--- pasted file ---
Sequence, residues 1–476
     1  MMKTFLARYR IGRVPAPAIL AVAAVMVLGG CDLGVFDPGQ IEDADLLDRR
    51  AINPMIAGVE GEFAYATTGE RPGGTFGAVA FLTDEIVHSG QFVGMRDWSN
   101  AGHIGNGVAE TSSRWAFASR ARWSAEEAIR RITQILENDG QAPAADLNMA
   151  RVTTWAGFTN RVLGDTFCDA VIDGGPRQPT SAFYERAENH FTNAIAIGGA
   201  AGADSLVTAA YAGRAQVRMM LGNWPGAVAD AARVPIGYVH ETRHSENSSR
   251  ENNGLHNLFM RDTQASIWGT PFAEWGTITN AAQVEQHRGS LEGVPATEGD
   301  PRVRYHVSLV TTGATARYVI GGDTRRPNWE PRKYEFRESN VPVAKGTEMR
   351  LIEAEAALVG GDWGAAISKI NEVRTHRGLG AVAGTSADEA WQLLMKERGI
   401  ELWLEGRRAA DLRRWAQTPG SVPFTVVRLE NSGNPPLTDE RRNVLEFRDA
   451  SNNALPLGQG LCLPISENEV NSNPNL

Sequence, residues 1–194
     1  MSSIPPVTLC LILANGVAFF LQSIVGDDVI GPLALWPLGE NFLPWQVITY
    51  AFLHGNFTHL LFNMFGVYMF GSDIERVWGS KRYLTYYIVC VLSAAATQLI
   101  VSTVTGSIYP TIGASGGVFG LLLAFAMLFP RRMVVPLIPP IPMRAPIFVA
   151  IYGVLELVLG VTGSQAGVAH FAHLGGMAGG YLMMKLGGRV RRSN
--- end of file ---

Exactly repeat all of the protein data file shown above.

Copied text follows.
Sequence, residues 1–476
     1  MMKTFLARYR IGRVPAPAIL AVAAVMVLGG CDLGVFDPGQ IEDADLLDRR
    51  AINPMIAGVE GEFAYATTGE RPGGTFGAVA FLTDEIVHSG QFVGMRDWSN
   101  AGHIGNGVAE TSSRWAFASR ARWSAEEAIR RITQILENDG QAPAADLNMA
   151  RVTTWAGFTN RVLGDTFCDA VIDGGPRQPT SAFYERAENH FTNAIAIGGA
   201  AGADSLVTAA YAGRAQVRMM LGNWPGAVAD AARVPIGYVH ETRHSENSSR
   251  ENNGLHNLFM RDTQASIWGT PFAEWGTITN AAQVEQHRGS LEGVPATEGD
   301  PRVRYHVSLV TTGATARYVI GGDTRRPNWE PRKYEFRESN VPVAKGTEMR
   351  LIEAEAALVG GDWGAAISKI NEVRTHRGLG AVAGTSADEA WQLLMKERGI
   401  ELWLEGRRAA DLRRWAQTPG SVPFTVVRLE NSGNPPLTDE RRNVLEFRDA
   451  SNNALPLGQG LCLPISENEV NSNPNL

Sequence, residues 1–194
     1  MSSIPPVTLC LILANGVAFF LQSIVGDDVI GPLALWPLGE NFLPWQVITY
    51  AFLHGNFTHL LFNMFGVYMF GSDIERVWGS KRYLTYYIVC VLSAAATQLI
   101  VSTVTGSIYP TIGASGGVFG LLLAFAMLFP RRMVVPLIPP IPMRAPIFVA
   151  IYGVLELVLG VTGSQAGVAH FAHLGGMAGG YLMMKLGGRV RRSN